7 Recruiting Myths That Mislead and Derail Us

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Mark Twain once said, “It ain’t what you don’t know that gets you into trouble. It’s what you know for sure that just ain’t so.” Too often, small business owners let these seven recruiting myths derail their ability to attract and hire the people they need to grow their business and achieve their goals. The way to get the most out of your recruiting efforts is to look at what you “know for sure,” and then examine whether it is true.

Here are seven common recruiting myths that prevent you from hiring the best people.

To hire good people, you need to pay high salaries.

Great candidates want more than a paycheck. While a fair salary is important, they also want to know why their work matters, how they can contribute to making a difference, and what it will be like to work for your company. They need to know that your business shares their personal values. When you communicate why what they do matters, you will find great people who have a passion for their work instead of caring only about the size of their paycheck.

It’s impossible to know the truth about your candidates from an interview.

Interviews are the most common way small businesses read a candidate’s values. In some cases, it’s the only tool used to choose employees. A common interviewing mistake I see small businesses make is copying interview questions used by others and hoping to achieve the same results. We tend to stick with the easy questions that every candidate has researched the “correct” way to answer. Instead, create Insightful Interview™ questions that reveal the truth about your candidates.

Experience is essential because training people takes too long.

When you hire a more junior person who is smart and able to learn quickly, you can save time and money. Consider the impact of waiting to hire someone with experience. The costs of overtime and lost productivity due to stress and low morale often far exceeds the investment of your time to provide training. Keep in mind that teaching and coaching someone is a more positive way to spend your time than dealing with the problems caused by leaving a position open too long.

To be successful, a college degree is a necessity.

More and more, if you are considering only college graduates, you may be overlooking the most creative, innovative, and skilled candidates, especially among Millennials. Because they are a generation raised with information instantly available, they are self-directed learners. If they want to learn something, they download a book, watch a YouTube video, or visit an online community filled with experts ready to share their knowledge. They are also great teachers, willing to share their knowledge with others.

Millennials are lazy and entitled.

Millennials are committed workers. They will work hard for things that are important to them and in fields where they can make a difference. Contrary to popular belief, they aren’t looking for a fast track to the top. According to a Harris Interactive survey for CareerBuilder, 61 percent of 25-34-year-olds surveyed believe they should be promoted within 2-3 years if they’re doing a good job. Make sure to have frequent performance conversations and let them know what their career path looks like.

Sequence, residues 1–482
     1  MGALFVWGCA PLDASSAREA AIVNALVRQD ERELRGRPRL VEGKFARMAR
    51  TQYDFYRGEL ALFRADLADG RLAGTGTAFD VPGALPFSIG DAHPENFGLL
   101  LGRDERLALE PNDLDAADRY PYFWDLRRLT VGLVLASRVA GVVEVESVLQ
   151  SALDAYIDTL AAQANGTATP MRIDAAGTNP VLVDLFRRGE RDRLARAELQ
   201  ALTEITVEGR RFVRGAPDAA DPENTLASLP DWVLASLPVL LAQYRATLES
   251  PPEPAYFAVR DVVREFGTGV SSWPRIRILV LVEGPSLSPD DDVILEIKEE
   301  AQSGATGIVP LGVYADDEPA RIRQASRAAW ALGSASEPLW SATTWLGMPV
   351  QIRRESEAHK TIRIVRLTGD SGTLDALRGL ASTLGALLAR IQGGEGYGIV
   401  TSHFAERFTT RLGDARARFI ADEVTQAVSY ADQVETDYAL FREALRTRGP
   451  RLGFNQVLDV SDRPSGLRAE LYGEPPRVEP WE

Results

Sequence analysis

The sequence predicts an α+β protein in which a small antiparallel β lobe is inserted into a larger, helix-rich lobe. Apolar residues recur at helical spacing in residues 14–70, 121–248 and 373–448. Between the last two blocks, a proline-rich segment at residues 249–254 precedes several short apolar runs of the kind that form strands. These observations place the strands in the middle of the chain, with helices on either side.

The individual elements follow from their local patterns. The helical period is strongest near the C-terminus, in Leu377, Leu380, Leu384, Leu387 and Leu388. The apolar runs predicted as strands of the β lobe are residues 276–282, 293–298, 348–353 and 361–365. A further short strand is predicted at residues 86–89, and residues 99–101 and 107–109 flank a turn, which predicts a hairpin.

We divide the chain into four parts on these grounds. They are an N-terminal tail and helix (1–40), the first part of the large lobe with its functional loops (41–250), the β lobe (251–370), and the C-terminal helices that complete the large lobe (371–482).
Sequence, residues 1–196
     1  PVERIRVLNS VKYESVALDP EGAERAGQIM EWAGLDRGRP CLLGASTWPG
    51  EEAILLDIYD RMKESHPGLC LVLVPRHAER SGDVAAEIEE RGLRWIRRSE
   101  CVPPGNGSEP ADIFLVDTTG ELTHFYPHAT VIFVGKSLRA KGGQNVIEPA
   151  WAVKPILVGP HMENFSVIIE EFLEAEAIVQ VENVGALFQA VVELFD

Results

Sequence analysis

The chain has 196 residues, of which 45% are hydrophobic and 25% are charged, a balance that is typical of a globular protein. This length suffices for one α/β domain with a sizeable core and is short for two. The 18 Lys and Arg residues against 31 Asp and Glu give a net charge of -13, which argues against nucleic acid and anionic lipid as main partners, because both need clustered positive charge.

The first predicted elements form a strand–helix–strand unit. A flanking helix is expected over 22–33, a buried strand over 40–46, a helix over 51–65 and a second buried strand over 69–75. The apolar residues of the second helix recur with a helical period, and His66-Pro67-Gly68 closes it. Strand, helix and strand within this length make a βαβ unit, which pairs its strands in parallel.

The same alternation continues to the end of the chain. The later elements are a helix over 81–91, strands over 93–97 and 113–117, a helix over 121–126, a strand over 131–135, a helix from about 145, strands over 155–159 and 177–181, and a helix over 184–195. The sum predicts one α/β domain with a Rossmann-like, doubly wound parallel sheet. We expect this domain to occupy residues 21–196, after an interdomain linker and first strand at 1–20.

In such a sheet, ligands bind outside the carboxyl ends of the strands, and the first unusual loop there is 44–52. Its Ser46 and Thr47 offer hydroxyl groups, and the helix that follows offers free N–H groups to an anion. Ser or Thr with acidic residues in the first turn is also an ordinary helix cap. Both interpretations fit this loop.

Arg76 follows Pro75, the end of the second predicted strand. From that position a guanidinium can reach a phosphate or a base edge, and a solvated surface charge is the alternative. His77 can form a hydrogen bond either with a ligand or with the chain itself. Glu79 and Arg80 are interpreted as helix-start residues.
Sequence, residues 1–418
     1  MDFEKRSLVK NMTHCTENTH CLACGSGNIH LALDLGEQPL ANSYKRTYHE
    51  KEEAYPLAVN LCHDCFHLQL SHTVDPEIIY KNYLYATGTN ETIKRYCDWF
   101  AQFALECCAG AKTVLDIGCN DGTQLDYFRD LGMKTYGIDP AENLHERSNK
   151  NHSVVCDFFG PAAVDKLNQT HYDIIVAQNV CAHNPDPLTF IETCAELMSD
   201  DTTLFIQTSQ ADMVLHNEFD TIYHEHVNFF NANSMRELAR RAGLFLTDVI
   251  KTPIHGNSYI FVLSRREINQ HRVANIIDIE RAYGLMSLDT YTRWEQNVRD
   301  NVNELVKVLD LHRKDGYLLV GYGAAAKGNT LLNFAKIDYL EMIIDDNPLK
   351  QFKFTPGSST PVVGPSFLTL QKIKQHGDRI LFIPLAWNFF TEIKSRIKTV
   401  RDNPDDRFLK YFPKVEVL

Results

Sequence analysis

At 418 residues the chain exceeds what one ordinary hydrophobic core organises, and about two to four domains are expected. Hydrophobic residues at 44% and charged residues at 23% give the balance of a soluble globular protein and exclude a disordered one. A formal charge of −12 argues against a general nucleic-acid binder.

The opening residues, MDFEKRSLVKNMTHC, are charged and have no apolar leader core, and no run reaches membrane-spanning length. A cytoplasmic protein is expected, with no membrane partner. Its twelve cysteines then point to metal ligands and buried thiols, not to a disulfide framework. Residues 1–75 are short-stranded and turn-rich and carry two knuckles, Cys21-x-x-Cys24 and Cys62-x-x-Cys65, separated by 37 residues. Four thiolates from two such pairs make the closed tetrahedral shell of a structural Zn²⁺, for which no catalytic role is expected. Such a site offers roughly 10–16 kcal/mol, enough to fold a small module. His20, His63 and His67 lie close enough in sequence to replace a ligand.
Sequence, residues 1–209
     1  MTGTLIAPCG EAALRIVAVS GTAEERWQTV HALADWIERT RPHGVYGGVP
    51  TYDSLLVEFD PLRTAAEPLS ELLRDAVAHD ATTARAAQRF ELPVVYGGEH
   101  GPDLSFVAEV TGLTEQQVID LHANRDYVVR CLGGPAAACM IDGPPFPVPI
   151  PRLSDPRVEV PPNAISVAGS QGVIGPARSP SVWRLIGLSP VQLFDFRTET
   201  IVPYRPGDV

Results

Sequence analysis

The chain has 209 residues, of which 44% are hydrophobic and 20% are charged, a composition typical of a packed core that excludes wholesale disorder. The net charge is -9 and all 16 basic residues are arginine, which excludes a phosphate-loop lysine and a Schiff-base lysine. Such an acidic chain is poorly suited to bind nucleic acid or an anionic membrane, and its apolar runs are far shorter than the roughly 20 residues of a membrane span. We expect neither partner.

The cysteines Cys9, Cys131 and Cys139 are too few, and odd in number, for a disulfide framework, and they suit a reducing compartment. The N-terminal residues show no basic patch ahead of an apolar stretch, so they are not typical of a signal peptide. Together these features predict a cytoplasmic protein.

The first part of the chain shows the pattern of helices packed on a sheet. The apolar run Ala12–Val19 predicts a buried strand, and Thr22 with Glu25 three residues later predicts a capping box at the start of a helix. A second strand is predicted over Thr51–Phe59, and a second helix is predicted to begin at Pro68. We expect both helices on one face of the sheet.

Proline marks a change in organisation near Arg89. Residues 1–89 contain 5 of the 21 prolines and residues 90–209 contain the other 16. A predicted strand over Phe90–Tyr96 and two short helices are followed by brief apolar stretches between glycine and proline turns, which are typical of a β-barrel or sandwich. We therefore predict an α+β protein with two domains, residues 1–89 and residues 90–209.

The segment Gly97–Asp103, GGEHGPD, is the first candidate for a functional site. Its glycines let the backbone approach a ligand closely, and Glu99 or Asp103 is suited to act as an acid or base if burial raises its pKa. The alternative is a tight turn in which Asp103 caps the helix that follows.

Technology is a great recruiter.

Automated recruiting systems mainly focus on screening out unqualified candidates. They mechanically score resumes against lists of skills and keywords. The results are predictable—you miss qualified people. Instead, you waste time on applicants who have the right keyword match but who may be completely incapable of successfully doing the job.

The big companies take all the good people.

Being small is an advantage most organizations don’t leverage. They get stuck in the “we can’t because we don’t have money for high salaries, generous benefit plans, or [insert other cool perks here].” Instead, they should focus on what they can offer and use that to attract great candidates. “Robert Versteeg, head of human resources at Witlox Van den Boomen, said, “I don’t have the budget, time, or team, but I’ve learned to compete through our two main assets: our talent and our story.”

I dare you to boldly challenge these myths, to break free from the endless cycle of bad hiring decisions and costly employee turnover and join the world of hiring the right people. If you need some insights to help you get started, schedule your insight session todaycall mesend an email, or text RECRUITER to 44222 to get a free sample of The YOLO Principle. And, the best part is that it’s FREE!

 

Rebecca Barnes-Hogg, SPHR, SHRM-SCP, is The Small Business Hiring Expert and works with small business owners and entrepreneurs who want to end their struggle to hire the right people. She is the author of the upcoming book, The YOLO Principle: The Ultimate Hiring Guide for Small Business, and a co-author of Rethinking Human Resources. She can be reached at 843-779-YOLO (9656) or rebecca@yoloinsights.com.
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